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Ann Emerg Med. 1989 Jul;18(7):727-31.

Delay between onset of chest pain and seeking medical care: the effect of public education.

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Center for Evaluation of Emergency Medical Services, Seattle-King County Department of Public Health, University of Washington 98104.


Thrombolytic therapy for acute myocardial infarction (AMI) is now routinely given in the emergency department and is being considered for pre-hospital care. Its effectiveness is dependent on how early it can be given after the onset of AMI. Maximal benefit, however, is not realized in many patients due to delay in seeking care. The effect of a public media education campaign (message) to shorten patient delay and increase use of emergency medical services (EMS) was evaluated prospectively in King County, Washington. We interviewed 401 patients admitted with possible AMI in the premessage period (4.5 months) and 489 in the postmessage period (4.5 months). The two groups were comparable in all factors except for discharge diagnosis of AMI (premessage, 34%; postmessage, 25%; P less than .01) and history of myocardial infarction or angina (premessage, 52%; postmessage, 43%; P less than .01). The proportion of patients who heard new information on AMI increased significantly in the postmessage period (premessage, 53%; postmessage, 74%; P less than .0001). The campaign, however, did not significantly shorten patient delay in seeking care (median delay: premessage, 2.6 hours; postmessage, 2.3 hours) or alter the distribution of patients in the less-than-two-hour, two-to-four-hour, and more-than-four-hour intervals. The rate of EMS use also was not significantly changed (premessage, 42%; postmessage, 44%). We conclude that a short-duration education campaign may increase AMI knowledge but does not seem to significantly alter patient behavior.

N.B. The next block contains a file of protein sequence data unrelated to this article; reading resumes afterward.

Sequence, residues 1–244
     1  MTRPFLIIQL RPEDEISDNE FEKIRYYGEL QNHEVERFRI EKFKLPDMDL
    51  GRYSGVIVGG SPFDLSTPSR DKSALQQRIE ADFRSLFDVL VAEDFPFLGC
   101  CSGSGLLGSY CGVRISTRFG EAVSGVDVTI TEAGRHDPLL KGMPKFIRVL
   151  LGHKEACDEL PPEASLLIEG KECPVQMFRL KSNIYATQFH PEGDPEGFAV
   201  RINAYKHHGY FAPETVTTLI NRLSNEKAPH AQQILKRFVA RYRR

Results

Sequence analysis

[Indexed for MEDLINE]

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